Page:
BLOG: The Liam Neeson Principle, or How Not To Talk About Older Women

Julie Maclellan

Listen up, writers, journalists, bloggers and members of the human race: I am hereby serving notice that I am fed up with the ageism and sexism that manifests itself every single time a woman over the age of 50 makes headlines for anything.

I am fed up with the way that we, as a society, so unthinkingly minimize the actions and opinions of anyone who happens to possess both grey hair and a vagina.

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The latest incident that pushed me over the edge? The coverage of the arrest of Laurie Embree, the 70-year-old “grandma” who was taken into custody at the pipeline protests in Burnaby, and the ensuing reaction from people on social media. The responders seem to fall into one of two camps. Either they support her, in which case they give her a patronizing pat on the head and respond with variations of: “Oh, go grandma, look at you being all feisty and spunky, I hope I’m like you when I’m old.” Or they don’t support her, in which case they say she’s only doing what she’s doing because she’s clearly old and losing her marbles.


In order to help clarify the situation, I have decided to implement a new rule of thumb that I shall call the Liam Neeson Principle.

It goes like this: Before you make a comment – any kind of comment – about a woman “of a certain age,” ask yourself the question: Would you say it about Liam Neeson?

Mr. Neeson is 66 years old, for reference.

You can pick any older male figure you like here. Harrison Ford (age 75) would work. Or Sylvester Stallone (age 71). What about Chuck Norris (age 78), Arnold Schwarzenegger (age 70) or Bruce Willis (age 63)? Heck, even Jean Claude van Damme (age 57) would do just fine.

In any case, keep the image of that particular older man in your head as you start to write or comment about any older woman. And, as you write or talk, note what subtle or not-so-subtle stereotypes and biases you are betraying with your word choice.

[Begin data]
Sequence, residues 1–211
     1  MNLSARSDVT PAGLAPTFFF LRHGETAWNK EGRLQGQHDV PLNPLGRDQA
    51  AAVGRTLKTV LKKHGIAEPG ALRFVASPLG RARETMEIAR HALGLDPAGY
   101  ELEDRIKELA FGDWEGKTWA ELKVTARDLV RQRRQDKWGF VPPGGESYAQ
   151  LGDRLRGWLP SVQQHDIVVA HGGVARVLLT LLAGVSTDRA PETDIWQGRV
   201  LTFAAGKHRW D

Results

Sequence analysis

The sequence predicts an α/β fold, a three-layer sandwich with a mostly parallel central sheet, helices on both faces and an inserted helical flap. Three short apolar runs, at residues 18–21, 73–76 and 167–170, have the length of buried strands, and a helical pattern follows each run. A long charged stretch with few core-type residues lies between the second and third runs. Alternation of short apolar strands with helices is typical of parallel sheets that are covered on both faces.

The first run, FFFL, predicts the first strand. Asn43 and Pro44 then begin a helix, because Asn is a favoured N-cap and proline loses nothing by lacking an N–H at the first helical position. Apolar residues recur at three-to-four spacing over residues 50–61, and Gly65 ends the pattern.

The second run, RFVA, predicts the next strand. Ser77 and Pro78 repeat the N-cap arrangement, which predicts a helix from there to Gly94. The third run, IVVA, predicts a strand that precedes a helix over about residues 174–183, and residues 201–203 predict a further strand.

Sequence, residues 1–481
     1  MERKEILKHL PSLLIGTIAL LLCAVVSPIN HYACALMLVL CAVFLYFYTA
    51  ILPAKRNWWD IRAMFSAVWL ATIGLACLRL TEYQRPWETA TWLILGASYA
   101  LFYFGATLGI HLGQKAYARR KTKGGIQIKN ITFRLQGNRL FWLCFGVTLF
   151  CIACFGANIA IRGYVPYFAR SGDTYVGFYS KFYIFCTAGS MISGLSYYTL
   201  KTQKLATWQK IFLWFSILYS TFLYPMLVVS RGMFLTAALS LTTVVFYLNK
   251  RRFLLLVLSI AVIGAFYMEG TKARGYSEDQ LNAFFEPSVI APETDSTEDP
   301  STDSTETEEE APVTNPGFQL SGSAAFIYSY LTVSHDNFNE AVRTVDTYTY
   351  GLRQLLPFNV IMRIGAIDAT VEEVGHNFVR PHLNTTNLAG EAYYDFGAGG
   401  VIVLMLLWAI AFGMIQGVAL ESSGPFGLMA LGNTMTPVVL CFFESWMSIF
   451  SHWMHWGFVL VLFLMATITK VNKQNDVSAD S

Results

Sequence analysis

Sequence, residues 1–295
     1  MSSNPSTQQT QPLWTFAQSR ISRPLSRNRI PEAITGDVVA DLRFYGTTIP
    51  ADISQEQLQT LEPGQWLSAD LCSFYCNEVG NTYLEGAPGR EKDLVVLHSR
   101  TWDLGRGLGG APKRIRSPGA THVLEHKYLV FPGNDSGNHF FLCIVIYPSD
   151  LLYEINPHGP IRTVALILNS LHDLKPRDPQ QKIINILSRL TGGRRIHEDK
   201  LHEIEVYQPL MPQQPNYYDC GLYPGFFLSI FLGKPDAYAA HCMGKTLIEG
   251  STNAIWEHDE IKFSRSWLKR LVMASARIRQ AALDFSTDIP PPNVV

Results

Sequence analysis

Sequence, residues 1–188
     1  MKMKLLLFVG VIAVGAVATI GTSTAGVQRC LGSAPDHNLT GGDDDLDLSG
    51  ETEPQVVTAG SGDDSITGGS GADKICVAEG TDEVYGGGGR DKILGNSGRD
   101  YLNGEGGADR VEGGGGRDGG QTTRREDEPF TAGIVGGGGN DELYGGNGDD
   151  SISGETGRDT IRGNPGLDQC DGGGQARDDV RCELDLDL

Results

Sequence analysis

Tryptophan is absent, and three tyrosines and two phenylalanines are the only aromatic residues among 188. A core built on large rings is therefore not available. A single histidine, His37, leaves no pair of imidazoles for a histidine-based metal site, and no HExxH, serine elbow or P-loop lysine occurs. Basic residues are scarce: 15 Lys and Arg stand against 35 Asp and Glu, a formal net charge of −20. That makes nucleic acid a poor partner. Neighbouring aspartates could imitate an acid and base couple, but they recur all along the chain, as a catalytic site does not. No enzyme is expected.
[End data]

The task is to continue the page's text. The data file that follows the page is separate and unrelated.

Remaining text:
I’m gonna venture a guess that you would not ever refer to Mr. Neeson as plucky, feisty or spunky. You wouldn’t call him a “spark plug.” And you most definitely wouldn’t call him “gramps.”

(For a little more reading on the kind of word choices that demean women, check out this great piece from The Guardian.)

You might call Mr. Neeson a “veteran actor” or an “established Hollywood star” or an “action hero,” but odds are you would never patronize and infantilize him the way that people automatically do when the older person in question is a woman.

Aging men generally get treated with a certain amount of respect. They’ll be described in news stories as “retired engineer” or “lifelong civil servant,” and their opinions will be treated with a certain weight because of the added gravitas their years give them.

Aging women? They’ll be referred to as grandmothers, first and foremost. (This actually starts quite early in a woman’s life. Once you’re a mother, it seems it’s fair game for people to define you primarily as a “mom,” and secondarily as whatever else you happen to do for a living – regardless of what that is.) And the opinions of older women, when they’re noted at all, will be treated much as adults often treat the opinions of preschoolers: with a certain amused indulgence and an element of surprise, as though we’re startled that this not-quite-person in front of us actually has a mind of her own.

There are a few notable exceptions to this rule. I find most everyone, for instance, seems to take the opinions of Dame Judi Dench quite seriously. But the rest of us – we mere mortals, who lack a cultured English accent and who are still working on our imperious don’t-give-a-flying-fig-what-you-think-of-me manner - don’t tend to be as fortunate.

The Laurie Embrees among us, who make rational adult decisions to take rational adult actions, and then get patronized and talked down to? That’s much more the norm.

And we need to change that, starting now.

So from here on in, make it a point to adopt the Liam Neeson Principle.

If you wouldn’t dare to say it about Mr. Neeson because you are too in awe of his particular set of skills, then you shouldn’t say it about Ms. Embree. Or about any other woman.

Our hair may be grey. But our minds are quite intact, thank you very much.

Please treat us accordingly.




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